More than three years after Google set its sights on San Jose, a major milestone occurred Wednesday for its plan to build a massive campus in the city’s urban core.
The San Jose Planning Commission unanimously approved Google’s proposed 80-acre campus at its evening meeting—moving the city’s largest land use project another step forward.
“I believe (Google) when they say they’re here for the long-haul,” Planning Commissioner Deborah Torrens said. “That’s the kind of private partner that we need.”
Five commissioners voted to approve the Downtown West project—Google’s plan for its mixed-use transit village. Planning Commissioners Justin Lardinois and Rolando Bonilla recused themselves due to potential conflicts of interest. Lardinois is a former Google engineer, and Bonilla’s employer has a business relationship with Google outside of San Jose.
Planning Commissioner Pierluigi Oliverio expressed cautious optimism about Google’s proposal, and said he had concerns that the tech giant wouldn’t meet the 7.3 million square-foot target for office development. Falling short of this goal could exacerbate the city’s jobs-housing imbalance.
The commission also approved the city’s Diridon Station Area Plan, which would increase building height limits and allow for up to 13,519 units of housing, a quarter of which would be affordable. The Google project is a key part of that plan.
Dozens of residents tuned in to the virtual meeting to support Google’s proposal, most of them lauding the tech giant’s plans to build homes and de-emphasize car traffic.
“As a downtown resident and mother to a precious little girl, I want to see a vibrant community,” said Karen Philbrick, executive director of the Mineta Transportation Institute and columnist for San José Spotlight. “Urban lifestyles are changing… we do not want more parking that promotes the use of single-occupancy vehicles.”
The proposed project features 4,000 to 5,900 housing units, 7.3 million square feet of office space, 15 acres of parks and a 30,000-50,000 square foot community center near Diridon Station in downtown San Jose. Google has also offered the city four plots of land to build about 800 affordable housing units and will pay an estimated $87 million in commercial linkage fees, a per-square-foot fee on office and industrial buildings to fund affordable housing.
News around the tech giant’s proposal has accelerated in recent months as the project nears its final hearing before the San Jose City Council, tentatively scheduled for May 25.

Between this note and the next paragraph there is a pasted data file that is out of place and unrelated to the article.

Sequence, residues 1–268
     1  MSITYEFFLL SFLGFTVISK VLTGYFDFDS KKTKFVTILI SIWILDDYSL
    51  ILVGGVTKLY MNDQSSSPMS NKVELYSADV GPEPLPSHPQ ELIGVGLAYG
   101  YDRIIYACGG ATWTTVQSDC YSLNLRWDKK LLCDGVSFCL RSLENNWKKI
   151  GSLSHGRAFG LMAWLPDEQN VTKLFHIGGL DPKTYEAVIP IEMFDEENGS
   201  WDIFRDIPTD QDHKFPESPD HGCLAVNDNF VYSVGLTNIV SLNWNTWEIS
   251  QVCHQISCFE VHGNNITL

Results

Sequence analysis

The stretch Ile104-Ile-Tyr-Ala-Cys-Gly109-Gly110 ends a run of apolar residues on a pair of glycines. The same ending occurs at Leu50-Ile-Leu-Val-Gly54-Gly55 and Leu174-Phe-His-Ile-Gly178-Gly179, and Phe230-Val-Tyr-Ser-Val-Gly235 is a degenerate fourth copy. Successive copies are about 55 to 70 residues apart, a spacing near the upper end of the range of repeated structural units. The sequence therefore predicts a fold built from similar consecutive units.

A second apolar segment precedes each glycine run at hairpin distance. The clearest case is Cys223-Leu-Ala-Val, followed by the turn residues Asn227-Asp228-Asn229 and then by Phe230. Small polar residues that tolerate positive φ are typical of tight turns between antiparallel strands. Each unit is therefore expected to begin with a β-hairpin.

Since Google unveiled its vision for the project last year, there have been numerous developments, including a key hearing at the Santa Clara County Airport Land Use Commission on Dec. 16.
The airport commission voted against both the Google proposal and the city’s Diridon Station Area Plan, saying the plans do not adhere to the county’s height and noise standards for buildings near Mineta San Jose International Airport.
Because the airport commission voted against both plans, the City Council needs a two-thirds majority vote in favor of the proposal to override the airport commission.
Some residents worry the tech giant’s plans could drive up rents and exacerbate gentrification and displacement in an already pricey Silicon Valley. The company promised $200 million worth of community benefits in its nearly 500-page development plan, including $150 million to a community fund. Grants issued by the fund would work toward preserving existing affordable housing in the area, increasing services for homeless residents and bolstering protections for low-income renters.
“Google has listened to the concerns of the Diridon Area Neighborhood Group (DANG),” said Kathy Sutherland, a founding member of DANG, prior to the commission meeting. “I feel very fortunate that there is a big master developer, because if that entire site was being developed by different people, it wouldn’t have that thoughtful look at it as a whole.”
Salvador “Chava” Bustamante, executive director of Latinos United for a New America, suggested that the unallocated $20 million in community benefits be put into the community fund.
“The community fund portion of the community benefits agreement is particularly important,” Bustamante said, citing the fact that the fund would be administered by community members rather than by city or Google employees. “It has been years in the making, and we look forward to continuing to work together.”
One of the most vocal opponents of the project is the San Jose Sharks, which said the project could force the NHL team out of San Jose. Team officials are demanding the city nearly double the parking spots in the plan to 4,800 to provide access to nearby SAP Center where the Sharks play. The team doubled down on its critique this weekend, urging fans to voice concerns to the Planning Commission and the City Council.
Silicon Valley Transit Users founder Eugene Bradley said other large cities across the U.S. emphasize transit use in their city centers.
“It is past time for San Jose to move its downtown area more into the 20th century,” Bradley said. “Not just people who have a car.”
Jocelin Hernandez, a founding member of the South Bay Community Land Trust, said the Google project is not a “done deal,” and that more can be done to ensure greater housing affordability.
“At the end of the day, we’re being thrown crumbs,” Hernandez said. “I hope we can continue to organize and challenge ourselves and seek a transformative and decommodified development… that can only happen when we actually give community complete control.”
Contact Sonya Herrera at [email protected] or follow @SMHsoftware on Twitter.